View of the remote church of St John the Baptist
Llanrothal shown within Herefordshire
|Sovereign state||United Kingdom|
|Fire||Hereford and Worcester|
|EU Parliament||West Midlands|
|UK Parliament||Hereford and South Herefordshire|
Llanrothal is a small village and historical parish in Herefordshire, England in the Monnow Valley, on the border with Monmouthshire, Wales. The River Monnow flows near here along the border. The village is located 5 miles by road northwest of Monmouth. It contains a 12th-century church, St John the Baptist's which stands in a remote position close to the Wales–England border overlooking the river.
Llanrothal Court, in the village, is an early 14th-century hall house, with cross-wings added in the 15th or 16th century and further additions from the 17th, 19th and 20th centuries. It is a Grade II listed building.
Another historically important building in the village is The Cwm. Originally a shooting box, and subsequently a farmhouse, it is also Grade II listed, together with the terrace in front of the house, and the retaining wall to the side, which contains rare bee boles. The present building, dating from about the 1830s, is on site of and incorporates part of a demolished 17th-century house that was a Jesuit province and college.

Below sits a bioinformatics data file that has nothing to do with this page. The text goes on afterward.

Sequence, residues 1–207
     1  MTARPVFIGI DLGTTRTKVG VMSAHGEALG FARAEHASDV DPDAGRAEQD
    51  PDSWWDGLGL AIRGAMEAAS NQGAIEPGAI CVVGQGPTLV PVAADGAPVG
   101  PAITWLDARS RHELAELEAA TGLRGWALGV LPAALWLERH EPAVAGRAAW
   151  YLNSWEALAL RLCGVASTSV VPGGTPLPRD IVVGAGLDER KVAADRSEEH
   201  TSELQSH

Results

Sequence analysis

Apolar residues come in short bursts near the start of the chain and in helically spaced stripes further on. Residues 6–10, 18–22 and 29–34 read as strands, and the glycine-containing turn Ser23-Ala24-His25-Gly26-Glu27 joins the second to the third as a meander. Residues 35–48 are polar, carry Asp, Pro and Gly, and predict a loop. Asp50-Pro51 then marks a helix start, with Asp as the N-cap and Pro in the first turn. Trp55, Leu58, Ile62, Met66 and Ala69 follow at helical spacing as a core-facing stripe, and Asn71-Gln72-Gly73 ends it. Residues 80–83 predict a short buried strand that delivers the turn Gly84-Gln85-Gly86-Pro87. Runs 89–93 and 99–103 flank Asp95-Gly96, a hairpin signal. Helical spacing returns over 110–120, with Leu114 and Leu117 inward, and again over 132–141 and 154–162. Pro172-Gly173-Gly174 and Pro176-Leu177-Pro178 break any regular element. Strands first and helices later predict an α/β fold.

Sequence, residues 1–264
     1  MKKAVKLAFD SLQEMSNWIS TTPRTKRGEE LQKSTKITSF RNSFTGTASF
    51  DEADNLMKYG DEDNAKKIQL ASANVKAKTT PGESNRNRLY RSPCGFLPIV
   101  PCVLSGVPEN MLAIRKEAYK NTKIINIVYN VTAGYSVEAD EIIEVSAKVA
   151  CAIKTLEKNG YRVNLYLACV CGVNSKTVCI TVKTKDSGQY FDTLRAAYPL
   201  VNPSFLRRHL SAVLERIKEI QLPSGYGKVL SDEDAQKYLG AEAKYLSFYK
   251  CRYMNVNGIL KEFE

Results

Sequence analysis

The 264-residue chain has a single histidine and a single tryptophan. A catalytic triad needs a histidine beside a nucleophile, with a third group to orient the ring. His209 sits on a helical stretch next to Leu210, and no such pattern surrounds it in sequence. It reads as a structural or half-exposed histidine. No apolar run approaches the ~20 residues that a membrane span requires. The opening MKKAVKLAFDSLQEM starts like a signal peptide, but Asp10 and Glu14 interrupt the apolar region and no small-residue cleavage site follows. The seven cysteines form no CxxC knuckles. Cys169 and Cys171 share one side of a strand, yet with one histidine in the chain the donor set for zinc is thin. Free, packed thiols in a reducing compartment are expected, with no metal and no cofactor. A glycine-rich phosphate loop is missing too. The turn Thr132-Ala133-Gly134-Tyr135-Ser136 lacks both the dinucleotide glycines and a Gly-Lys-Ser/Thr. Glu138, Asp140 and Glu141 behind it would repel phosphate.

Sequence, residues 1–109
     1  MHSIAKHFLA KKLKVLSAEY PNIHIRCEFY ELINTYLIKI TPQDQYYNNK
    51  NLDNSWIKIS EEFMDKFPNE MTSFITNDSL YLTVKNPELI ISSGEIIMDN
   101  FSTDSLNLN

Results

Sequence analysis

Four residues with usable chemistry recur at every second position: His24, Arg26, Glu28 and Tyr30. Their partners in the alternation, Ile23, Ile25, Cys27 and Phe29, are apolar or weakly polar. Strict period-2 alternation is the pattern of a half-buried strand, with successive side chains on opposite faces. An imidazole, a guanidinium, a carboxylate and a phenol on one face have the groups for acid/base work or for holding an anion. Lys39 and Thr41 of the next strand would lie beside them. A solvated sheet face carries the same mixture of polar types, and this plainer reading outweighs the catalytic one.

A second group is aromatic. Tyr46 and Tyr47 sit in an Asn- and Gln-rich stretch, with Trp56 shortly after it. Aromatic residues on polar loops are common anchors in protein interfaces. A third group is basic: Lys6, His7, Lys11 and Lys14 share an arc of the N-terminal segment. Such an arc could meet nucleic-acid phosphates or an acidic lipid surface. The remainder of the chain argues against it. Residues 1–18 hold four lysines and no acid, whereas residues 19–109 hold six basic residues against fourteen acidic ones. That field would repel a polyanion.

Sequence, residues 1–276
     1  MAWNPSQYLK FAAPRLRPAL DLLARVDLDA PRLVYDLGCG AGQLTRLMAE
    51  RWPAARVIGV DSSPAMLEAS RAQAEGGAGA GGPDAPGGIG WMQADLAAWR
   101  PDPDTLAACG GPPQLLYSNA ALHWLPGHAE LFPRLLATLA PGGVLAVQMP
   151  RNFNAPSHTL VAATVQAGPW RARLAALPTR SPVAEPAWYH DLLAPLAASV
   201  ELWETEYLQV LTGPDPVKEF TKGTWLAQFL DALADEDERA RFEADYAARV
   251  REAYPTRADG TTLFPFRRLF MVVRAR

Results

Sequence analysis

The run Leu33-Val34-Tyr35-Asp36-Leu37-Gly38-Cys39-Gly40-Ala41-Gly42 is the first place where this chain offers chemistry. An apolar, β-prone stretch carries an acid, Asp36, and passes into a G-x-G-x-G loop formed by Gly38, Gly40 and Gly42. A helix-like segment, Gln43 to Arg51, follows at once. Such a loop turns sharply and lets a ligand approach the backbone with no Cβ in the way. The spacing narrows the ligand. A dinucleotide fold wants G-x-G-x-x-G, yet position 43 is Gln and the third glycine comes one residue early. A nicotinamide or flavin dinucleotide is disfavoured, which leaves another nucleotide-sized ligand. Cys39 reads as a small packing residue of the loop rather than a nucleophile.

Llanrothal was once a stronghold of the Jesuits and Papists such as Henry Milbourne, who resided in the village and whose family worshipped at The Cwm in the seventeenth century. In the early 17th century the house became the headquarters of the Jesuit mission in South Wales and remained an important Catholic centre until its discovery and sacking by the Bishop of Hereford in 1678, in the anti-Catholic backlash following the Popish Plot. William Vychan, or William the Younger, also lived at Llanrothal, although he is also associated with Penrhyn, in Caernarvonshire.
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Media related to Llanrothal at Wikimedia Commons